Sen. Ayotte says nation's financial situation is dire
By APRIL GUILMET Union Leader Correspondent
Sen. Kelly Ayotte addressed a small crowd of local business leaders in Windham on Thursday. (APRIL GUILMET)
WINDHAM - Addressing a small crowd of local business leaders, U.S. Sen. Kelly Ayotte, R-NH, spoke of some tough days ahead while sharing the latest news from Washington.
Ayotte was the featured speaker during Thursday's luncheon hosted by the New England Council at the Castleton Conference Center in Windham.
During her half-hour speech, the Republican senator said the situation is dire, as the nation remains nearly $17 trillion in debt.
Emphasizing the need for a large fiscal deal to address the problem, Ayotte said she felt a solution would be hard to come by because "the two sides (Democrats and Republicans) are pretty far apart in terms of their vision for this country."
During a recent Senate budget exercise, Democrats passed a non-binding budget that Ayotte said she "simply couldn't support" as it included $1 trillion in tax increases.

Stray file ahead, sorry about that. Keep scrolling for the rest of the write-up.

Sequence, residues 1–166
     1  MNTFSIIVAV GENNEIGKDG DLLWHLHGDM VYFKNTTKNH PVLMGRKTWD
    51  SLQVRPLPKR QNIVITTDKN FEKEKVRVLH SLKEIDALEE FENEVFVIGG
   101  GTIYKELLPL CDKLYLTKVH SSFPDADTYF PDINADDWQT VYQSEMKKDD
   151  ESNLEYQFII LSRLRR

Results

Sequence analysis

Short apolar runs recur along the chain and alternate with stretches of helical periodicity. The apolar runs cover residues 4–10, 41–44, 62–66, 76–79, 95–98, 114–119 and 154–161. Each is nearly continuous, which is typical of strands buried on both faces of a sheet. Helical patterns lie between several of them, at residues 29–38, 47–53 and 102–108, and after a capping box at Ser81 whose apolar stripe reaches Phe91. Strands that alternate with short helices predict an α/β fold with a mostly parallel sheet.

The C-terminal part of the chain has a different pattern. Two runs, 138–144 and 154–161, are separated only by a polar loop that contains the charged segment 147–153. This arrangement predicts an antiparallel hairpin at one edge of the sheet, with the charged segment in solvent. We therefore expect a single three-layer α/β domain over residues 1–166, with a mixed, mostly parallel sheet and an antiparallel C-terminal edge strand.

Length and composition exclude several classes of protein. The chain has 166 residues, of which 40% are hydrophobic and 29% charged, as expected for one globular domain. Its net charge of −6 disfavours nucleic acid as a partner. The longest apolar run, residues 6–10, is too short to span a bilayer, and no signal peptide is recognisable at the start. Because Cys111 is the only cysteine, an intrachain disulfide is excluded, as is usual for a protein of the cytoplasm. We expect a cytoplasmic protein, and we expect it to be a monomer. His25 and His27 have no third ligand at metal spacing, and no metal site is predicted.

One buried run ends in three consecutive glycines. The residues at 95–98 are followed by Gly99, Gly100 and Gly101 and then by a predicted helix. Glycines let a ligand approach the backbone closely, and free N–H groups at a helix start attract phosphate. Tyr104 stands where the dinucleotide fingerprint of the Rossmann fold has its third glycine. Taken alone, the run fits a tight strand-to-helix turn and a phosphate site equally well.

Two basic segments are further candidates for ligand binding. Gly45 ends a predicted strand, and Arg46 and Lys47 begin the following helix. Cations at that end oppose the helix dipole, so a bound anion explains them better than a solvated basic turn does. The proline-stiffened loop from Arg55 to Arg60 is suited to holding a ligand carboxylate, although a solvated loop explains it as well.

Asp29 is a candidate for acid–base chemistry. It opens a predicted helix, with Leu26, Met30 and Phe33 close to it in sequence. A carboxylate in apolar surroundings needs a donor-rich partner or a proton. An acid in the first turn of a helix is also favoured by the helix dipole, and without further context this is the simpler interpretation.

"It wasn't in the parameters of what I could support," Ayotte added.
She voiced her distaste of sequestration and her disapproval of taxes on medical devices.
Ayotte said the proposed 2.3 percent tax on such devices was intended to help fund the Affordable Care Act, but ultimately "taxes innovation and entrepreneurship."
"Sequestration doesn't deal with mandatory spending, and overall huge parts of our spending are left off the table," she added.
The senator warned that if nothing changes, Social Security would be bankrupt by 2033, with Medicare facing bankruptcy as soon as 2024.
"It's simple," she said. "If we don't make responsible changes now, those programs aren't going to be what they are today. Many people rely on those programs and this future isn't all that far away."
The numbers just don't add up, Ayotte further noted. On average, an American family puts approximately $119,000 into the Medicare system over the course of their lifetime, and takes out $357,000.
One solution she's in favor of, Ayotte said, would be to raise the retirement age over time.
"There's a finite number of ideas we should be exploring," she added. "So for all of you who are business leaders, you need to share your opinions. It's my hope we get there sooner rather than later.
"We need to make sure America remains the best place to do business," Ayotte continued. "A big piece of this puzzle is in all of you. To get ourselves out of debt, we need to put ourselves on the right fiscal path and grow our economy."